I was reading an article recently about cost-effective philanthropy. The way it works is, that in some circumstances, making lots of money and then donating it is more efficient than trying to volunteer work yourself. I thought about this idea a lot during "Love As Much As Pain", a documentary about the missionary doctor Park Nu-ga, a man who offered free medical checkups and vitamins to obscure villages in the Phillipines. I thought about how ridiculous the base idea was- that the mere promise of money would be enough to get doctors out to these underserviced areas.
"Love As Much As Pain" underscores the absurdity of this premise from the very first scene. We see Park Nu-ga driving around in his all-terrain vehicle in an area without roads, asking whatever random people he runs into if they need a medical checkup. His vehicle stalls in the mud, and Park Nu-ga is stuck in this remote location for days grimacing about his lousy situation. You think a money-obsessed doctor is going to want to put up with this kind of work?
What makes the situation slightly tolerable for Park Nu-ga is an offhand moment when he watches a bunch of naked children run around splashing in the water having the time of their lives. Park Nu-ga can't help but give a slight smile at this situation, thinking that's what makes it all worth it. Because really, he's not in this line of work for money or even fame. Park Nu-ga died before "Love As Much As Pain" was even completed, the long suffering victim of cancer.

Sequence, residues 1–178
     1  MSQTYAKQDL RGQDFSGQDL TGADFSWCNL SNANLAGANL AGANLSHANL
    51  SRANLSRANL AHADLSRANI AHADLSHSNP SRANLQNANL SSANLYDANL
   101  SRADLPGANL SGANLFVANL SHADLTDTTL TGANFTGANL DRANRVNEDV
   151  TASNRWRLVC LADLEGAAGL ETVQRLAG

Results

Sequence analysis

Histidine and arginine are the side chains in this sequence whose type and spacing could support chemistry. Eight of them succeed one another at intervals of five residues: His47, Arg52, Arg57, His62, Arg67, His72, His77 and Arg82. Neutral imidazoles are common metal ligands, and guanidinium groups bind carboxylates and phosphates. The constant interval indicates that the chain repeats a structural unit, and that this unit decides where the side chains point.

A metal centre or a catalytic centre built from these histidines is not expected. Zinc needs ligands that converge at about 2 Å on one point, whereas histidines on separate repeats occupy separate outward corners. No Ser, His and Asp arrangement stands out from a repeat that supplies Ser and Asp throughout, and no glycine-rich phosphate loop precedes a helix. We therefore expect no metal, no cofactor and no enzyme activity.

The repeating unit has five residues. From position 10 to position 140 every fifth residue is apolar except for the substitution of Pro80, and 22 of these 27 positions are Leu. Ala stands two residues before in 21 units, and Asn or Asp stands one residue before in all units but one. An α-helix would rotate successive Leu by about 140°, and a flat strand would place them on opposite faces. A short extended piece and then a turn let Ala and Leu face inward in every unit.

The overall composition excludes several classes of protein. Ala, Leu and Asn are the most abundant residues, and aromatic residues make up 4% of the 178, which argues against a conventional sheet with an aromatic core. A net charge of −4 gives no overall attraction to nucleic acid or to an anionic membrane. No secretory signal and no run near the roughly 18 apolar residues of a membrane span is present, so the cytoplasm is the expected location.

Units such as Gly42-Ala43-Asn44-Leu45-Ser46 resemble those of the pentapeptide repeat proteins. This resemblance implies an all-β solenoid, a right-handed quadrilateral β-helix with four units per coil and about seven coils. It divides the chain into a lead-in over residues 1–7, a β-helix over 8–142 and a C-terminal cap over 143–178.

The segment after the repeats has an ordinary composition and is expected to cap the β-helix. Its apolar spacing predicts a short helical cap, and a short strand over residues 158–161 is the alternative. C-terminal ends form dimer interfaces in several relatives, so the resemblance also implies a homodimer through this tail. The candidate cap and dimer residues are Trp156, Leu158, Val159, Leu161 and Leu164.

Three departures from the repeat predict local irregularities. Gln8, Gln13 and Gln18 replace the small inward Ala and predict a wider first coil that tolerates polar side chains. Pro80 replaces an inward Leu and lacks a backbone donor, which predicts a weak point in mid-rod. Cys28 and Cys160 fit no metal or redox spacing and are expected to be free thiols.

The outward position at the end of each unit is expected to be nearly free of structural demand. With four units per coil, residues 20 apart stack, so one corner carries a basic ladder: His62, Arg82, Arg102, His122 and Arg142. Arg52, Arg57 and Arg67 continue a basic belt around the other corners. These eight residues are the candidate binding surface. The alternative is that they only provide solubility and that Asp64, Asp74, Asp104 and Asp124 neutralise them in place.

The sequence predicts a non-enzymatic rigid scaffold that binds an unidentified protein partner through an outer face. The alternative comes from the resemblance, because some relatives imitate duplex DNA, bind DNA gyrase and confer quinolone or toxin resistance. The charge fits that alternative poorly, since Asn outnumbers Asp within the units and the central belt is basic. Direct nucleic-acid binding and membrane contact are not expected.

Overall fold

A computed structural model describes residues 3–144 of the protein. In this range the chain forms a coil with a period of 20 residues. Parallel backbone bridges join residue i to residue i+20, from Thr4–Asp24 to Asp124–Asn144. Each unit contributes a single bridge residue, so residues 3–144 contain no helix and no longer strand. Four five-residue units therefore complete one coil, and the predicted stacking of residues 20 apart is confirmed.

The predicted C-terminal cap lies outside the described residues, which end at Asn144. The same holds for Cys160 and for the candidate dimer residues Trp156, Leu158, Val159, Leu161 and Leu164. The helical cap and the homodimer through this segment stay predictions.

"Love As Much As Pain" doesn't dwell on the details of that. Or at least, no more than Park Nu-ga himself does. The man knows he's dying, and a lot of the time it's not something he can rightly avoid. The pain is inevitable. He has a family back home in South Korea too. So why does Park Nu-ga insist on spending his remaining days working far from home in a foreign land, helping relative strangers?
Well, because it's the right thing to do. Much like the minister it profiles, "Love As Much As Pain" is firmly grounded in Christian ethos. Every moment of Park Nu-ga's journey is an argument to why his work is important. Sure, he's going to die. It's his time. But what about all the people he runs into in the Phillipines? The ones with gruesome looking but easily curable conditions? The ones who weren't lucky enough to go to medical school? What about them?
I appreciated how director Lim Jun-hyun did not make Park Nu-ga's patients out to be particularly pathetic. Indeed, one of the central supporting characters is a Filipina doctor who, inspired by Park Nu-ga's example, decides to continue his work by herself. There's no sense of vision or ambition here- we just see images of a doctor who helps sick people because that's why he became a doctor. And really, isn't that the best possible reason?
Written by William Schwartz
Staff writer. Has been writing articles for HanCinema since 2012, having lived in South Korea since 2011. Started out in Gyeongju, then to Daegu, then to Ansan, then to Yeongju, then to Seoul, lived on the road for HanCinema's travel diaries series in the summer of 2016, and is currently settled in Anyang. Has good tips for utilizing South Korea's public bus system. William Schwartz can be contacted via firstname.lastname@example.org. He also has a substack at williamschwartz.substack.com where he discusses the South Korean film industry in broader terms and takes suggestions for future movies to review.
"[HanCinema's Film Review] "Love As Much As Pain""
by HanCinema is licensed under a Creative Commons Attribution-Share Alike 3.0 Unported License.
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